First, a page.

Ford Power Stroke engine

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Ford Power Stroke engine
ManufacturerNavistar International Corporation
Also calledInternational Truck and Engine Corporation

The Power Stroke is manufactured by Navistar International Corporation (International Truck and Engine Corporation) for Ford Motor Company. These engines are built in Indianapolis, Indiana and Huntsville, Alabama.

Introduced in mid-1994 under the previous 7.3 Liter Turbo Diesel moniker, it was given the Power Stroke name in 1994. It is a turbodiesel truck engine used in Ford F-Series trucks, the Ford Econoline van, the Ford LCF commercial truck in a 4.5 liter V6 version, and the Ford Excursion SUV.

These engines primarily compete in the United States full-size pickup truck market with the Duramax V8 from General Motors/DMAX and the B series straight 6 from Dodge/Cummins.


The first 7.3L was produced from 1988-1993. The original 7.3L diesel was a non-turbo charged indirect injection (IDI) engine, followed shortly after by a turbo charged version. It was very similar to the previous 6.9l IDI diesel engine, which was simply bored out for more torque. This engine was not considered in the powerstroke family. In 1994, the 7.3L went under some changes. The 7.3L was changed to a direct injection (DI) engine from the original IDI engine.[1] Ford also added electronic fuel injectors and gave it the name Power Stroke.[1] This model produced up to 250 hp (190 kW) and 525 lb·ft (712 N·m) of torque. The new 7.3L DI Power stroke had "single shot" HEUI (hydraulic electronic unit injectors) fuel injectors and ran a 15º high pressure oil pump (HPOP) to create fuel injection pressures. The turbine housing was a 1.15 A/R. In 1999, an air to air intercooler was added. The intercooler cooled the charged air from the turbo making it denser. The cooler, denser air would increase the horsepower potential of the engine, while also reducing exhaust gas temperatures (EGTs). The turbine housing was changed to a .84 A/R housing and a wastegate was added. The "single shot" HEUI injectors were upgraded to "split shot" injectors. With larger injectors, the HPOP was advanced to 17º to increase fuel pressures. The 7.3L DI Power Stroke was in production up until 2004 when it was replaced by the 6.0L. The 7.3 IDI and 7.3 Powerstroke are not the same engine at all except manufactured by International for Ford.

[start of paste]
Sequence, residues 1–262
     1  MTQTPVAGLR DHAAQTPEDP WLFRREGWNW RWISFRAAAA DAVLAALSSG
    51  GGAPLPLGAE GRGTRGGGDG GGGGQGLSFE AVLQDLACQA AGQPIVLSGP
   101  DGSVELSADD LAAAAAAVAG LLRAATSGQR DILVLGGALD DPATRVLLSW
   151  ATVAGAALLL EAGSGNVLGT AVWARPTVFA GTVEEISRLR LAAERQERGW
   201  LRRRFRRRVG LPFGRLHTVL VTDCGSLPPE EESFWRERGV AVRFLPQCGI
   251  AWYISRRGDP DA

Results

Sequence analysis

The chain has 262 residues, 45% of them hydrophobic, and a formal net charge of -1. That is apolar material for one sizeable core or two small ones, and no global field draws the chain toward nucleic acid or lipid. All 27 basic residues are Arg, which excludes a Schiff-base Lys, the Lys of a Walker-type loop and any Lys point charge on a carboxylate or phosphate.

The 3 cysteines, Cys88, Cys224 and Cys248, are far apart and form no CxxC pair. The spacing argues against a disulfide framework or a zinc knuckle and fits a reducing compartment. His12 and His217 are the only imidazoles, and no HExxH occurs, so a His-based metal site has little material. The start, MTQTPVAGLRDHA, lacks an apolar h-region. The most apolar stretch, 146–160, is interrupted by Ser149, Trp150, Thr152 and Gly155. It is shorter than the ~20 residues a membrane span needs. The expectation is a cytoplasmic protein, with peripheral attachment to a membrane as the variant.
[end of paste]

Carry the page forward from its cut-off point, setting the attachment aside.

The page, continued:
The 7.3L (444 CID) Power Stroke was replaced by the 6.0 L (365 CID) for the 2003 model year. This version was built until mid December 2006 (2007 model year). So many 6.0 L Power Stroke engines were proven to be unreliable,[2]  and may have cost Ford hundreds of millions of dollars in warranty repairs and leading to a recall and repurchase of at least 500 trucks. The major problem with the Navistar diesel engines is damage resulting from aftermarket modifications to the engine or its operating computer. There were initial quality challenges which Ford and Navistar have rectified. The reliability of the later 6.0L engines, after the dealership technicians were fully trained on the product, has been very good. Some early problems were disastrous, requiring total engine replacement. There were also minor problems resulting from the unreliable variable-vane turbocharger solenoid, EGR valve carbon deposit clogging/sticking, defective Exhaust Pressure (EP) sensor/connector, numerous PCM (Powetrain Control Module) recalibrations, fuel injector harness chafing/crushing and other minor driveability and QC issues. As with competitive engine products offered by GM and Dodge, the 6.0L suffered from an inability to conform to the new Federal diesel emissions standards which took effect on January 1, 2007. There were many running changes to the engine and in the 2006 year model the 6.0 had the lowest rate of warranty claims across the board for Ford Motor Company when compared to all of Ford's gas and diesel engines.  

The EGR valve carbon deposit issue in the 6.0L has proved common enough to merit some special attention. When the valve clogs, it requires replacement, which has often been done under the powertrain warranty. However, it is only a matter of time, depending on driving conditions, before the EGR valve will again fail and require replacement. When the valve fails, the "Check Engine" light comes on, and the idle becomes slightly more rough, though the engine continues to function with no apparent loss of power.